Thursday, April 25, 2013

City of Bones: one book is enough for me

City of Bones, Cassandra Clare
We bought this book about four years ago.
Haki started it, and then gave up after a few chapters.
Then I started it and tapped out early.
But because my sister-in-law and favourite librarian had agreed the series was super, and what with the movie adaptation release date creeping closer 'n' all, I felt it was second chance time.
Surely I had been wrong.
Nope.
  • I have only read Book 1 (City of Bones).  I won't be reading the rest of the series. 
  • I never looked forward to reading while I was in this book. 
  • There is no doubt that reading this after a very strong urban fantasy offering paid The Mortal Instruments franchise a disservice. I'd given the series a hard act to follow.  If I'd read this book when I purchased it, maybe I wouldn't be so disappointed.  (Maybe if you read it first, and don't know what you're missing, you'll love it.)
  • The pacing didn't work for me.  When I wanted information (What is a stele, and how does it work?), none was given.  When I was beginning to get caught up in a scene's action, then I felt like sudden footnote-like definitions of the world and its parts interrupted the action's flow.  This contributed to it feeling long and arduous, overall.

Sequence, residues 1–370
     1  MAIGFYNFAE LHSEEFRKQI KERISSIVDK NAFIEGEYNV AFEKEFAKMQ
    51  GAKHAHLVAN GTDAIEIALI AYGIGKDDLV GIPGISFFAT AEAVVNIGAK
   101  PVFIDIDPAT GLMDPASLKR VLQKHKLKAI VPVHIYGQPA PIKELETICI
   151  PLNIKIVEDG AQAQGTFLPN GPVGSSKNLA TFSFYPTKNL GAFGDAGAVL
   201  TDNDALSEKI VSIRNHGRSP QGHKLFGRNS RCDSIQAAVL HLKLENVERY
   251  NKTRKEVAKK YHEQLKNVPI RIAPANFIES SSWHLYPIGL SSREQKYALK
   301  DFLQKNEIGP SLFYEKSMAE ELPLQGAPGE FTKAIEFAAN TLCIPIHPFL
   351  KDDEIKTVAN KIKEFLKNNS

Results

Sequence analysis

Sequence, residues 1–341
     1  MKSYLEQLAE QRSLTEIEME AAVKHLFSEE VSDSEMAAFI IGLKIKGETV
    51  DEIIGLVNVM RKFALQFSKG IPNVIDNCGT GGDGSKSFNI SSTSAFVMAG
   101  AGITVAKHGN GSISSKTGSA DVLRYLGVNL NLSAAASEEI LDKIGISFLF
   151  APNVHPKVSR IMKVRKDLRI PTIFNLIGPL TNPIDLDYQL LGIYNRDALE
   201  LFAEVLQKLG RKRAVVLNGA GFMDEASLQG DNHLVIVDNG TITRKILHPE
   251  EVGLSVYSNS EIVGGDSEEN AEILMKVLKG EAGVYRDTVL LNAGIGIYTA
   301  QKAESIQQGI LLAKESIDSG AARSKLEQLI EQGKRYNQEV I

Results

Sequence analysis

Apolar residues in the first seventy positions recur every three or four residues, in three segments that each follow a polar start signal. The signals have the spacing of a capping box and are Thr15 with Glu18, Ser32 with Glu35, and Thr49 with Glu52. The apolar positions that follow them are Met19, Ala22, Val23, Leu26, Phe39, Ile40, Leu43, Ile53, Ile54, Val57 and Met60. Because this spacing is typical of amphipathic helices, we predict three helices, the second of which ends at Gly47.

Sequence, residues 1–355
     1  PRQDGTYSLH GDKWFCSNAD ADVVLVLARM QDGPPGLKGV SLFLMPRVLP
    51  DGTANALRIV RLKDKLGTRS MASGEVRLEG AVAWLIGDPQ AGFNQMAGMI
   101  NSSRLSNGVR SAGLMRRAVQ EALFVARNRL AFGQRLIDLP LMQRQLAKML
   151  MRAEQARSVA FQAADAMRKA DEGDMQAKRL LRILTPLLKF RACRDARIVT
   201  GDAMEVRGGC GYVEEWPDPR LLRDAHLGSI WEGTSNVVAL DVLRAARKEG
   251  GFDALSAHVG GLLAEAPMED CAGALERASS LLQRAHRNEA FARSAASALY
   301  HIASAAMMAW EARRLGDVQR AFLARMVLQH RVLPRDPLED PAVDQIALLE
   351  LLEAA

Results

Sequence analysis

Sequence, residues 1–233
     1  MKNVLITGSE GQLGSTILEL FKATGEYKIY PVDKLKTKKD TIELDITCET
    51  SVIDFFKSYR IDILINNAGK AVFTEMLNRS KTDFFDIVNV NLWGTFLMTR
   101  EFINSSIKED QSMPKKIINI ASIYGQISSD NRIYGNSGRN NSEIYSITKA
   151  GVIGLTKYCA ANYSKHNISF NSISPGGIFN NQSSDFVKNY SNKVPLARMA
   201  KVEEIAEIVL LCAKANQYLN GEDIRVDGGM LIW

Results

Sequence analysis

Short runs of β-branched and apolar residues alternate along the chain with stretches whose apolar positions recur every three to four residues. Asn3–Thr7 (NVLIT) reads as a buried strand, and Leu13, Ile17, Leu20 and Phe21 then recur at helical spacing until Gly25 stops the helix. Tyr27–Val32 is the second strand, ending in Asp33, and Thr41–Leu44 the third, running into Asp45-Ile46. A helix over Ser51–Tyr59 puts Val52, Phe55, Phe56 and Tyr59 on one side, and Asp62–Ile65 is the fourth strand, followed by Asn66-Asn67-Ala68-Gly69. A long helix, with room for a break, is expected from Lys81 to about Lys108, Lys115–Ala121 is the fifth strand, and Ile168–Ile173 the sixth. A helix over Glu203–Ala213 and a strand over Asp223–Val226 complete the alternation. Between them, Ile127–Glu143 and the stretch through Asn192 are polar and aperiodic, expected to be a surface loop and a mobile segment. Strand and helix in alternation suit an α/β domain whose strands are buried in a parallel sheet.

• Although I appreciate the fantasy genre often shares much of its elements around, nothing about Clare's interpretation felt fresh.
  • The dialogue felt painful.  It seemed to be employed to tell me how to feel about characters (outrightly stating how characters should be seen), as opposed to showing me what these characters are like so I could react and form opinions on my own.  It felt predictable, immature and sarcastic. 
  • The story is obvious too.  When something I knew was going to happen happened, instead of feeling gratified (I'm not saying all good plot developments are unforeseeable, quite the contrary), I was consistently disappointed it wasn't better.
  • When the opportunities arise, Clare poo-poos on organised religion.  I appreciate it when fantasy authors allow their realms to co-exist without criticism of our existing world.  Laini, Tolkien, Lewis, Canavan, and Briggs manage just fine.
  • I am told to find the villains manipulative and terrifying, explicitly.  That is apparently what they are.  And when I come face to face with them, I don't believe what I've been told.  
  • Which brings me to the other characters.  The only one I cared for much was an extra in the piece (Magnus). The chief love interest is a ham.  I'm sure he's meant to be funny and brooding, but instead I found him rude and unlikeable.
  • Finally, the heroine.  Dislike.  Mucho.  Ol' Bella annoyed the heck out of me, but I was still entertained by the Meyer-easy-reads.  I wasn't entertained here.  If Clary was clipart, she might look like this:
 
(and she would let the guy she's crushing on insult her best friend without her expression changing)

If you disagree -- good for you -- as there are plenty more books for you to read!  Wahoo!
Related Posts with Thumbnails